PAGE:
National Progress Report 2025 Goal: Reduce estimated* new hepatitis B virus infections by ≥20%

Estimated* new hepatitis B virus infections

Bar chart for years 2013-2023, charting Estimated acute infections, starting at 19,800 in 2013, increasing to 21,600 by 2018, and then projected downward to 18,000 by 2023.

Source: CDC, National Notifiable Diseases Surveillance System
*The number of estimated viral hepatitis infections was determined by multiplying the number of reported cases by a factor that adjusted for under-ascertainment and under-reporting (1–2).

Summary of Findings

The estimated number of new hepatitis B virus (HBV) infections has been relatively stable since 2015. In 2018, there were 21,600 estimated new infections, slightly above the 2018 target of 21,500 estimated infections.

Reduction needed to meet 2025 goal: A 16.7% reduction from the estimated number of new HBV infections in 2018 is needed to meet the 2025 goal of 18,000 estimated infections.

This reduction can best be achieved by

  • Promoting implementation of pediatric and adult vaccine recommendations through provider education, strategic partnerships, and other measures.
  • Building capacity for states to collect and use a core set of surveillance data to detect at-risk populations and gaps in vaccination coverage.
  • Conducting prevention research to demonstrate how best to provide hepatitis B vaccination, testing, and treatment as part of a comprehensive set of interventions for persons who inject drugs.
  • Encouraging unvaccinated persons to use HHS’s Adult Vaccine Finderexternal icon to locate providers of recommended adult vaccines and get immunized against hepatitis B.

Technical Notes

Data Sources: CDC, National Notifiable Diseases Surveillance System (NNDSS)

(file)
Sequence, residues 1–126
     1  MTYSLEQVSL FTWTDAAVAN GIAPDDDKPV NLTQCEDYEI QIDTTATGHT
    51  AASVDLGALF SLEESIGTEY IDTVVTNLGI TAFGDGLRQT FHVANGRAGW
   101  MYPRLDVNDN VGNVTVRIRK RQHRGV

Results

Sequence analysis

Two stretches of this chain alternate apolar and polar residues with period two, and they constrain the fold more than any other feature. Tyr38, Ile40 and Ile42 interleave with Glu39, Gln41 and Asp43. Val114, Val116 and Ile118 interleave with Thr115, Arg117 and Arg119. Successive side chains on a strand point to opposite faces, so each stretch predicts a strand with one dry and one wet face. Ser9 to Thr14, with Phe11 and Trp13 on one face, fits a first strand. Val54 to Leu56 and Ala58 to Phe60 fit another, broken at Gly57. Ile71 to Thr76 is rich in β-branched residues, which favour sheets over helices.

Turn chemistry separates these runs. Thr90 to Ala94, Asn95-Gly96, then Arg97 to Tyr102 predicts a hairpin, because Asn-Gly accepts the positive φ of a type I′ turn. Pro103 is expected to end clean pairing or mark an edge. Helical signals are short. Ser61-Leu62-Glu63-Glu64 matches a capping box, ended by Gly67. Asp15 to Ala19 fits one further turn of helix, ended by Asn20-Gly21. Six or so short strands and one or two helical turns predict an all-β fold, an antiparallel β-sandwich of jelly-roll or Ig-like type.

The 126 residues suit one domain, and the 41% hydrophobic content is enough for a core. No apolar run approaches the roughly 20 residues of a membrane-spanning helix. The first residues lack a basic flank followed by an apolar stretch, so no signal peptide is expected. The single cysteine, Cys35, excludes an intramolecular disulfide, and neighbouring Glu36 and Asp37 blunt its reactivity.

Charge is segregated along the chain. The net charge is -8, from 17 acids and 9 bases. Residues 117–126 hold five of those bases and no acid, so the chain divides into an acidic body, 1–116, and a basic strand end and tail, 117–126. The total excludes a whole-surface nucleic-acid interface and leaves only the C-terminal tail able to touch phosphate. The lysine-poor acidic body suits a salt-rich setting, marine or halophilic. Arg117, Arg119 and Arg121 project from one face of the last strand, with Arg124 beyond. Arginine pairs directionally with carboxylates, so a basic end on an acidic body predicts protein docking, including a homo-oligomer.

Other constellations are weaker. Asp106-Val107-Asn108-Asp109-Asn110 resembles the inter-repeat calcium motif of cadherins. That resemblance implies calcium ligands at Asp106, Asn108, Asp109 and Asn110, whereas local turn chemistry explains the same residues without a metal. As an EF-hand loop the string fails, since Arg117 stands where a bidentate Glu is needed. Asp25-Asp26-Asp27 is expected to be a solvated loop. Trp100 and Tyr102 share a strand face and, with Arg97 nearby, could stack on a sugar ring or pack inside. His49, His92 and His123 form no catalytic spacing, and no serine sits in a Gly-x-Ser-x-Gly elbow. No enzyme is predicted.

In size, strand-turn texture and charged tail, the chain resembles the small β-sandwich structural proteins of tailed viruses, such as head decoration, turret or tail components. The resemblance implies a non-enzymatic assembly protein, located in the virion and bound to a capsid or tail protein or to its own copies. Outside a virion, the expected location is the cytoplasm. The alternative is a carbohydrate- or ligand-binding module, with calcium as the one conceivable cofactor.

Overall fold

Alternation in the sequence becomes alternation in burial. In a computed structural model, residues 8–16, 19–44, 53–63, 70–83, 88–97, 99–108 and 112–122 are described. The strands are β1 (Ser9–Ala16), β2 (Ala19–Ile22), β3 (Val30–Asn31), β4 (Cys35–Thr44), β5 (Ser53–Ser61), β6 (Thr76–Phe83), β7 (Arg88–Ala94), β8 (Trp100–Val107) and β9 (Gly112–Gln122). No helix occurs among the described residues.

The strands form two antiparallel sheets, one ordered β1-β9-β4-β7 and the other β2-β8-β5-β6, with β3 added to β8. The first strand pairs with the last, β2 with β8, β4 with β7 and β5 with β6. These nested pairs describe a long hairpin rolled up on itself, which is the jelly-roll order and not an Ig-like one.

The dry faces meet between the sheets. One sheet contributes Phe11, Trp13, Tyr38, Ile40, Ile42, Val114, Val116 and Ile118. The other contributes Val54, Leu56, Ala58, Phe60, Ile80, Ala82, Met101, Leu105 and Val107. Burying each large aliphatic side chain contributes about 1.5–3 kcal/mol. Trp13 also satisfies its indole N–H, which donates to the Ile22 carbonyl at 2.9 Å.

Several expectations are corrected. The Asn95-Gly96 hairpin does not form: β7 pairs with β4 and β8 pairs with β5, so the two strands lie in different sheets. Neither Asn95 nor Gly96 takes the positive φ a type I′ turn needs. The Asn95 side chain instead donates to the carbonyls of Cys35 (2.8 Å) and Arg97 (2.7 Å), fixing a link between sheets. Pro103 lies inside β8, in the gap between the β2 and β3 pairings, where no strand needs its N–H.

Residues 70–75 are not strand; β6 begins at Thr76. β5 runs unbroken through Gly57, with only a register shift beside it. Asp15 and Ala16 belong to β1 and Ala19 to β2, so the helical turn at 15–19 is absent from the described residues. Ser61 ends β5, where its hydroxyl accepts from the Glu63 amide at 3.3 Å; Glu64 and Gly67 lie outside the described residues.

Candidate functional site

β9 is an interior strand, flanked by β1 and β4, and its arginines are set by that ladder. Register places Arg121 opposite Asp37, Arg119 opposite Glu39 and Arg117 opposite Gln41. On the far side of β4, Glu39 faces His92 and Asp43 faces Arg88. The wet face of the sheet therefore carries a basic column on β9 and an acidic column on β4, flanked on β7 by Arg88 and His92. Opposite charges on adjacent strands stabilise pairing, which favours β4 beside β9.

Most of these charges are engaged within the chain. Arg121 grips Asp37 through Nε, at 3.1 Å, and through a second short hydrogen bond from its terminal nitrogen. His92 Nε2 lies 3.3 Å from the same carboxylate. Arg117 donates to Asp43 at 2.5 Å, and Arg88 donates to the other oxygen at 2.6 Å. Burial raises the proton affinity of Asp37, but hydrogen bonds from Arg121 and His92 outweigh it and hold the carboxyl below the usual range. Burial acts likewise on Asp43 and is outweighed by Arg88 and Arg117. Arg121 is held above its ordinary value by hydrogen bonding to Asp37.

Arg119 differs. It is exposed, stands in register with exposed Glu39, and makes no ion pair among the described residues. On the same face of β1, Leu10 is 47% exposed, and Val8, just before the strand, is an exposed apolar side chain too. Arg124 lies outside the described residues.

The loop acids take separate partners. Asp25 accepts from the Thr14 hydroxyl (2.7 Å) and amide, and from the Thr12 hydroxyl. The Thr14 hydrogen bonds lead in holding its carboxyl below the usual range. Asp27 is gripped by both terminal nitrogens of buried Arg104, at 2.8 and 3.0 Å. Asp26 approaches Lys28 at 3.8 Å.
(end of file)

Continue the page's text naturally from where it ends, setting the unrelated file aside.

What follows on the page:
Numerator: Number of estimated new (acute) HBV infections

Denominator: Not applicable

Indicator Notes: (1) The NNDSS is a nationwide collaboration that enables all levels of public health to share notifiable-disease-related health information. Surveillance for viral hepatitis through NNDSS is based on case definitions developed and approved by the Council of State and Territorial Epidemiologists (CSTE) and CDC. Reported cases of acute viral hepatitis B are required to meet specific clinical and laboratory criteria. Estimated infections are based on laboratory-confirmed cases of acute viral hepatitis. Acute hepatitis B is reportable in all jurisdictions. Health-care providers, hospitals, and/or laboratories report cases to the local or state health department, and states voluntarily submit reports or notify CDC of newly diagnosed cases of hepatitis B that meet the surveillance case definition. To account for under-ascertainment and under-reporting, the number of reported cases is multiplied by 6.5. The methods for developing the multiplication factor are documented in Klevens, et al (2) with corrected multipliers developed by CDC (1).

Goal Setting: The 2025 goal of 18,000 estimated cases is consistent with CDC’s Division of Viral Hepatitis 2025 Strategic Planpdf icon. Annual targets assume a constant (linear) rate of change from the observed baseline (2017 data year) to the 2025 goal (2023 data year).

Limitations: The number of estimated infections is based on a simple, probabilistic model for estimating the proportion of patients who were symptomatic, received testing, and were reported to health officials in each year (2). This constant multiplier may not account for variations over time in under-reporting and under-ascertainment due to public and provider awareness, changes in laboratory and diagnostic techniques, and changes in the definition of the condition.

References

  1. Centers for Disease Control and Prevention. Viral Hepatitis Surveillance—United States, 2018. Atlanta: US Department of Health and Human Services, Centers for Disease Control and Prevention; 2020. Available at: https://www.cdc.gov/hepatitis/statistics/2018surveillance/pdfs/2018HepSurveillanceRpt.pdfpdf icon.
  2. Klevens RM, Liu S, Roberts H, Jiles RB, Holmberg SD. Estimating acute viral hepatitis infections from nationally reported cases. Am J Public Health. 2014;104(3):482-7.